Thursday, April 20, 2017

Writing Strategies Goal 3: Generating and Collecting Ideas

Welcome to our book study of The Writing Strategies Book:  Your Everything Guide to Developing Skilled Writers by Jennifer Serravallo! I am joining forces with some other fabulous teacher bloggers to discuss the writing strategies we come across in this AMAZING professional text!    

Because this book isn't your typical professional development book filled with individual "chapters" of narrative, each teacher blogger will be giving you a glimpse into the 10 goals that are represented in the text.  Each goal area is filled with many valuable strategies that will help you to support and guide your students as they become better writers.  Keep in mind, we are only highlighting a FEW strategies in each section.  There are over 300 strategies in the whole book!

If you missed our other posts you can find them here:

Sometimes students struggle with writing because they have a hard time coming up with ideas to write about. This section of the book gives you strategies to help students generate ideas. 

 Serravallo specifically suggests that writers in grades 3 and above keep a notebook to store ideas that they can return to again and again.

When choosing this as a goal for your students to work on, you may want to consider students who:

* have a hard time getting started during writing time.

* say, "I don't know what to write about."

* You might also check writers' notebooks to see which students have generated short lists during class lessons on idea gathering.  These students may benefit from this goal as well.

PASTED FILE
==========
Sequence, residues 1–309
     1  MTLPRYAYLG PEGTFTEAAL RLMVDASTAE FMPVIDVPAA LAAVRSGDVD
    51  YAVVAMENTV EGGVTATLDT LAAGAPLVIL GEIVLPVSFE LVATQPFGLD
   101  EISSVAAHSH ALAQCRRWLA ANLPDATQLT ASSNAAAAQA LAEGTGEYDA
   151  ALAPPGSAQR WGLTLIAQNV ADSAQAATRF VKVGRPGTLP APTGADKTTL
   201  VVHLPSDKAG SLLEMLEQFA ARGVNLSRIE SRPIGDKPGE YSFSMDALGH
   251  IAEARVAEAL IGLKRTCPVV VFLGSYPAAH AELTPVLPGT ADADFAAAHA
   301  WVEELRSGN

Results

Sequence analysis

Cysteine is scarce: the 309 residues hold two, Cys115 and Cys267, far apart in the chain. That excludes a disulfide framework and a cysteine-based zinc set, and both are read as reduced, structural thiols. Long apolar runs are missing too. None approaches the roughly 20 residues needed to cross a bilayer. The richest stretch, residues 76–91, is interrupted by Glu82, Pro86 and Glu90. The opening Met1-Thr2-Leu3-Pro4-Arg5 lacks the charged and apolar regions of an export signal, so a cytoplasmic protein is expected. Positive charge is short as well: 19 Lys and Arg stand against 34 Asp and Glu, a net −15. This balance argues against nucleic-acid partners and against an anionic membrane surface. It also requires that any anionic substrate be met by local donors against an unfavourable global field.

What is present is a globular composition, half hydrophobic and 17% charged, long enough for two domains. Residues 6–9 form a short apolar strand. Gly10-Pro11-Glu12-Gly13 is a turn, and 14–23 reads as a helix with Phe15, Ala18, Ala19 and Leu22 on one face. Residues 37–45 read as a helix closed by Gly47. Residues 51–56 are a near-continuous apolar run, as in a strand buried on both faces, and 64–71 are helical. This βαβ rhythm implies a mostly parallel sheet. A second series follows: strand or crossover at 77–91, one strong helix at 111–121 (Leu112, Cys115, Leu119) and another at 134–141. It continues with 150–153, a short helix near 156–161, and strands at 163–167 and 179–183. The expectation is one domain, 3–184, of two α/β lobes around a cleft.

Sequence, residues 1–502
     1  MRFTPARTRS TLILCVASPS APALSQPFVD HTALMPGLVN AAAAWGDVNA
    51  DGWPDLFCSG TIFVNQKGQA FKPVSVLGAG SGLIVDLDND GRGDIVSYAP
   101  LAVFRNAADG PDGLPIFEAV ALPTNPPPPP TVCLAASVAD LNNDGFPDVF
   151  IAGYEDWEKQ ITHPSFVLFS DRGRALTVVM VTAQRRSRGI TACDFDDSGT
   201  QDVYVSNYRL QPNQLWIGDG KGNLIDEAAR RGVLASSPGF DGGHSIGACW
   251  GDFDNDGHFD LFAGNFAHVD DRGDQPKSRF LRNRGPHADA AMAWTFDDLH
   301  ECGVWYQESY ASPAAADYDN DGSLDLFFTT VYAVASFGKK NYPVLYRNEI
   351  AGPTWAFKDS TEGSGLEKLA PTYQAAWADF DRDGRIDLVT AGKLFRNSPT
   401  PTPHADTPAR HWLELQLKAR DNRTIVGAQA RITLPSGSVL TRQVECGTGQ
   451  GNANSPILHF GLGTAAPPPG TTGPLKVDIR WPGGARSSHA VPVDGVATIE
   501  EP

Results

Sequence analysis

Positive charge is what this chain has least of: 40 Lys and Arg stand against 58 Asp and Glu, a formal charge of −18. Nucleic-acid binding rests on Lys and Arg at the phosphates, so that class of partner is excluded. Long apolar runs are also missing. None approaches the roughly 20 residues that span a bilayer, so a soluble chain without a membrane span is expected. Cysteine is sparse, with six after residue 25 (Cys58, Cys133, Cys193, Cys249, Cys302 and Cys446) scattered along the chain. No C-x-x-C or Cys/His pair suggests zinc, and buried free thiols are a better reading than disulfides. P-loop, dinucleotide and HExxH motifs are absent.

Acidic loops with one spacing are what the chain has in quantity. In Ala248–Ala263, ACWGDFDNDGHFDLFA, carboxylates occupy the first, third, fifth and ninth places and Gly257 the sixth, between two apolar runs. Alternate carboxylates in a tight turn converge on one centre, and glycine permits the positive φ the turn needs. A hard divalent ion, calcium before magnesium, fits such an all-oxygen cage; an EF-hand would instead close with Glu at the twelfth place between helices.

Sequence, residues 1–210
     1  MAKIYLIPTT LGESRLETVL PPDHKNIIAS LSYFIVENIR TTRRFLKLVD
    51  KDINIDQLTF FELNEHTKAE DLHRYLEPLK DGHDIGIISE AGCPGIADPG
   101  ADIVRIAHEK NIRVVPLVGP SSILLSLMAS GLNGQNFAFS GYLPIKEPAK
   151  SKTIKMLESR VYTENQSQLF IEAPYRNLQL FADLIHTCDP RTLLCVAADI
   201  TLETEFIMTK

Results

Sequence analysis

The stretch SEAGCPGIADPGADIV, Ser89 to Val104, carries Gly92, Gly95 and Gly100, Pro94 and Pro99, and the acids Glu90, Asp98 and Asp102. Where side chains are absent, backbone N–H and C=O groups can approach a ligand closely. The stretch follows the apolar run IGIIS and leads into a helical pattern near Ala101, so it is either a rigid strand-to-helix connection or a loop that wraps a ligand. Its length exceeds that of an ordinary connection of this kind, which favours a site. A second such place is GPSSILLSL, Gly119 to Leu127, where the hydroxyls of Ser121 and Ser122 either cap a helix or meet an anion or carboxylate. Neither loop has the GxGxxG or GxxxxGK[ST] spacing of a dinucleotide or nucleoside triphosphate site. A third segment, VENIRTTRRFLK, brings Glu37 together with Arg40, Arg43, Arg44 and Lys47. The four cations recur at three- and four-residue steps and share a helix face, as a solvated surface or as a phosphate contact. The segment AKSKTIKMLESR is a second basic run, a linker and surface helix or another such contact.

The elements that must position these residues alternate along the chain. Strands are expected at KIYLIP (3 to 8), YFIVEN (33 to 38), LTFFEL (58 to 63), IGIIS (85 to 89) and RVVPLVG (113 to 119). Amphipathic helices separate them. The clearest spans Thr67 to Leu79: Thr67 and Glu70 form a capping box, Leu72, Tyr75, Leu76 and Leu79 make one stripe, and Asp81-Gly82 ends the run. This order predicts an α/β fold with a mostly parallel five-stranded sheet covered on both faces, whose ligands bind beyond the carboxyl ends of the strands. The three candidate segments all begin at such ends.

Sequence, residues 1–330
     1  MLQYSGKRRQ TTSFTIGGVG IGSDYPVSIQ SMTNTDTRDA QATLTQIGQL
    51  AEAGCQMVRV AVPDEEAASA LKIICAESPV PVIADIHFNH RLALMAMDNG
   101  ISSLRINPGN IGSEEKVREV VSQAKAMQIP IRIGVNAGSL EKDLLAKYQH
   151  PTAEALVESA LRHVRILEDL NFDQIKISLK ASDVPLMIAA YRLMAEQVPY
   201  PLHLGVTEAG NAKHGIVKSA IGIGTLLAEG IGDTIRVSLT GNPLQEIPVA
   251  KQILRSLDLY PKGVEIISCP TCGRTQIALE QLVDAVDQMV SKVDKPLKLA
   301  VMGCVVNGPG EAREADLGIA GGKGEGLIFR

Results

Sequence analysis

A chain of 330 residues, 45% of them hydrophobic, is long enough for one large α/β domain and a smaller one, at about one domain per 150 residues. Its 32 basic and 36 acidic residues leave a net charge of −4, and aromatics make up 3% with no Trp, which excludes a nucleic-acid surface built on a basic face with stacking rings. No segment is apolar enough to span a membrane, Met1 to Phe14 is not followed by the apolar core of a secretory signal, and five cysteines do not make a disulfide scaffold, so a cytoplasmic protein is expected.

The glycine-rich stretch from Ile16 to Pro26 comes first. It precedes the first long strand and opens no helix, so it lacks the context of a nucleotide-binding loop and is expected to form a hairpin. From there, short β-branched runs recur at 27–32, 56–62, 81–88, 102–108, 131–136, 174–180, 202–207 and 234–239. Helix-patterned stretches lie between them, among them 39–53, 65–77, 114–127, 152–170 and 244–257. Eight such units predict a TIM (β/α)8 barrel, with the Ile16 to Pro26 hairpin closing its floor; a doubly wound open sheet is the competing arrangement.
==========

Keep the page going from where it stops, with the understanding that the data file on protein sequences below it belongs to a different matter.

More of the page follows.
Focus Strategy 1: Important People

In this strategy, students make a list of people that are important to them.  They then list memories they have of those people.  

I have done similar lessons to this one in the past at the beginning of the year.  I decided to try a slightly different version after reading this.  Instead of modeling myself with people who are important to me, I modeled with a character in our read aloud How to Steal a Dog.  The students were able to help add the people and the memories since they were familiar with the character.  I felt like this gave them more of a guided experience than just listening to my memories.

Student examples:

This student could benefit from working on this goal.
Focus Strategy 2: Moments With Strong Feelings

Using this strategy, students choose a strong feeling (worry, fear, embarrassment, etc.).  They then think about the memories they have that connect to that feeling.

I think this might be a fun activity to do using emojis.  Have the students pick and emoji, and then think of memories they have that relate to that emoji!

Focus Strategy 3: Jot Today, Write Tomorrow

This strategy really gets students living like writers by carrying around Post-Its or small notebooks to jot down things that happen around them.  My students LOVE using their small writer's notebooks for this!

If you would like to purchase the book mentioned above, you can find it here.

This post contains affiliate links. I earn a small commission each time someone makes a purchase using one of my links, which helps to support the blog.  All opinions are my own and I only promote brands and products that I have used myself and truly love.  

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Don't forget to stop by Melanie from Momma With a Teaching Mission who is our official host of this week's chapter!

If you would like to link up your own blog posts about this book, feel free to do so in the linky below!  Don't forget to check out the other bloggers' posts as well as they write them for even more ideas!

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